According to Mehren, having worked together in the past is very significant and will allow both firms to bring past experiences together.
“This is one of the reasons we liked being awarded a share of ADNOC’s Ghasha project which is very similar to Mittelplate. The Abu Dhabi field is a UNESCO biosphere area, we are going to be building artificial islands and we are going to talk about zero discharge policies. I think we can bring our joint experience to bear on this project,” pointed out Mehren.
One of the most obvious changes that has come about with the merger is the expanding of the firm’s portfolio geographically and in terms of assets.
“On one side we have a broader portfolio, which is good as we now cover more countries. Coming from the Wintershall legacy what is new is Mexico, Algeria and Egypt. I think this is good as each region you are active in brings in new capabilities and this allows us to strengthen our global portfolio,” said Mehren.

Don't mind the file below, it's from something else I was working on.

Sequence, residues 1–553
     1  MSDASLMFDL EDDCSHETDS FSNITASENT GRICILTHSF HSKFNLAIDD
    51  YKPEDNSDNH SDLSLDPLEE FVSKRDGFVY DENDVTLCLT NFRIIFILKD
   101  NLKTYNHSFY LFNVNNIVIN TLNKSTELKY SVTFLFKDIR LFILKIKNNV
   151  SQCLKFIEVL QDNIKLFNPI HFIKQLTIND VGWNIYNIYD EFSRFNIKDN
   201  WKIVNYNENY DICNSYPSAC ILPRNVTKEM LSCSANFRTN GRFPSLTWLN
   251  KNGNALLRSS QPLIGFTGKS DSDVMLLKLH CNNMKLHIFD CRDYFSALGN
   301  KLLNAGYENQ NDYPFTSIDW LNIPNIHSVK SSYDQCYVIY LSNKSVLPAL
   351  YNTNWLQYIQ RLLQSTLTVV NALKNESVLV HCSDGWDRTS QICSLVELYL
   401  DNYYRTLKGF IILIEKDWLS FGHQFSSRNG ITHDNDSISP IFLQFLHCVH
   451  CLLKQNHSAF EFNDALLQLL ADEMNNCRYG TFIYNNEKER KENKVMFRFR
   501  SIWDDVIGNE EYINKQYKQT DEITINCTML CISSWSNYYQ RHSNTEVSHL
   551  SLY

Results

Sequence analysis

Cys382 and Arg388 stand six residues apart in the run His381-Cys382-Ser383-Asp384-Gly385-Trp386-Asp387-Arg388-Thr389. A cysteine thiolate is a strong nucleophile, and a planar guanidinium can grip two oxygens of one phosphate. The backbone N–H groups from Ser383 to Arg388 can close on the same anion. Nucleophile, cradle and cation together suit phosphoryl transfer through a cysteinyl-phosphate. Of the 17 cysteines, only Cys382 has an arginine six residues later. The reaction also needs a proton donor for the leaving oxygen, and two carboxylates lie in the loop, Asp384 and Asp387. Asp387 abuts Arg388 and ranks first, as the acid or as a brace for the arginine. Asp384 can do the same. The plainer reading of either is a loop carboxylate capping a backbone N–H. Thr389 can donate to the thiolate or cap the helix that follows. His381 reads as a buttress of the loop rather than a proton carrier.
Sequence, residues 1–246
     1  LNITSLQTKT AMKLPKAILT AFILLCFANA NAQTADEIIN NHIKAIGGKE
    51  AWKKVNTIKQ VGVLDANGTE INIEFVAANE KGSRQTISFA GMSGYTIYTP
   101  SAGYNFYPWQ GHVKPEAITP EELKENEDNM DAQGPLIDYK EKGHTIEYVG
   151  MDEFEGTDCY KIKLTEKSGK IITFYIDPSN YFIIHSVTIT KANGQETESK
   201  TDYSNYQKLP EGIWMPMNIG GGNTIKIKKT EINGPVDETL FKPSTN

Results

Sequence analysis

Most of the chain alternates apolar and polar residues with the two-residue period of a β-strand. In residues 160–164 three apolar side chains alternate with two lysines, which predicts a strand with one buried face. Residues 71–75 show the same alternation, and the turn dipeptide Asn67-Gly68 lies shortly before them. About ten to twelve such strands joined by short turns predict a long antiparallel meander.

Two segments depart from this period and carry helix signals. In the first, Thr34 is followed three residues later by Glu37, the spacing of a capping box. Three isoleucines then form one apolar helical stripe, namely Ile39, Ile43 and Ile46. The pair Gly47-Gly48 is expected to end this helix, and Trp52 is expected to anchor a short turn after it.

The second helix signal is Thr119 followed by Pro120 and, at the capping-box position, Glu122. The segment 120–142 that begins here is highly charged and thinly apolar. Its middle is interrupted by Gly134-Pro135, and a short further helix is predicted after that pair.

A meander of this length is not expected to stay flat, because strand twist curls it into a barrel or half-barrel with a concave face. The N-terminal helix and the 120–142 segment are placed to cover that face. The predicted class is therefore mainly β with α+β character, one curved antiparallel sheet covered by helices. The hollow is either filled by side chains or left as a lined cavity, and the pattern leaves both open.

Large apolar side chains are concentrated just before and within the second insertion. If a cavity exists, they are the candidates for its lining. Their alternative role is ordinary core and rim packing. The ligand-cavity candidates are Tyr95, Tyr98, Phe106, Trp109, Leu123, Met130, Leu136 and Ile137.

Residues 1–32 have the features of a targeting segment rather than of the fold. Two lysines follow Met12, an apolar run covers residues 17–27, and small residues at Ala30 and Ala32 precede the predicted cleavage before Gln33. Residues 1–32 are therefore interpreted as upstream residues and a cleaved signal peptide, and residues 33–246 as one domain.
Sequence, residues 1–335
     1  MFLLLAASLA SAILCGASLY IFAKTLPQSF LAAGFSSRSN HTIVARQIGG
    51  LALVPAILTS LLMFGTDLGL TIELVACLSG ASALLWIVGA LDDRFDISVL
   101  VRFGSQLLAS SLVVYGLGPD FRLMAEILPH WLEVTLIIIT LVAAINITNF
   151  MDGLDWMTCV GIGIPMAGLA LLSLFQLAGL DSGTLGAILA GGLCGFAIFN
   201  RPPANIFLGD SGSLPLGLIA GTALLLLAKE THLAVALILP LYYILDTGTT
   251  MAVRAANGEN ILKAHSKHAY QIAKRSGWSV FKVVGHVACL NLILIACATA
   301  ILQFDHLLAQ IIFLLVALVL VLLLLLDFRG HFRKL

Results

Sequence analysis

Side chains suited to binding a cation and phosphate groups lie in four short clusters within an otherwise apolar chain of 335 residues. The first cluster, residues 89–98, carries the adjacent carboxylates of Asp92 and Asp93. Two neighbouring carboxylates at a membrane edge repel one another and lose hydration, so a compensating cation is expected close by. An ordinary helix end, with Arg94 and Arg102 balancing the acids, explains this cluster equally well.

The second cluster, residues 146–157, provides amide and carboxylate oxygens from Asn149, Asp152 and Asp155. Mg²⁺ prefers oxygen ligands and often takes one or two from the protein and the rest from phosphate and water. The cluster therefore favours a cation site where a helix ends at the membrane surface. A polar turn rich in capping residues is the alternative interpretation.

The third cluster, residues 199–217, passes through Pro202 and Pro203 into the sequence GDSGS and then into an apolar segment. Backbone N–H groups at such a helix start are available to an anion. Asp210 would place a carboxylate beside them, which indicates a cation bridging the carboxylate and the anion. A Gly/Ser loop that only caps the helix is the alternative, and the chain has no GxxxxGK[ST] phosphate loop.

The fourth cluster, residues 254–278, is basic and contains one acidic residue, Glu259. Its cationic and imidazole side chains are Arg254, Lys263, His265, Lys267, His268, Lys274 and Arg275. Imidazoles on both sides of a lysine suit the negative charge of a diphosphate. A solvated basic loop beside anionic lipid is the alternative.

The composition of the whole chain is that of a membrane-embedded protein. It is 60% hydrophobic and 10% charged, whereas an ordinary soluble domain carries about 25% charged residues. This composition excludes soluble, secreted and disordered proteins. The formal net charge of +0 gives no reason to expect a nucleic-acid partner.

He added: “Coming from the Wintershall legacy business our North Africa business was basically Libya and we know Libya is not the easiest place to do oil and gas business today. So adding Algeria is good and the Reggane Nord project is exciting. Egypt has so much potential and we have operated oil activities in the West Nile Delta project with BP. This is quite exciting and we see growth there. The Raven gas field is scheduled to come on stream by the end of the year. This is the first sign of the growth our projected new production target is already beginning to arrive.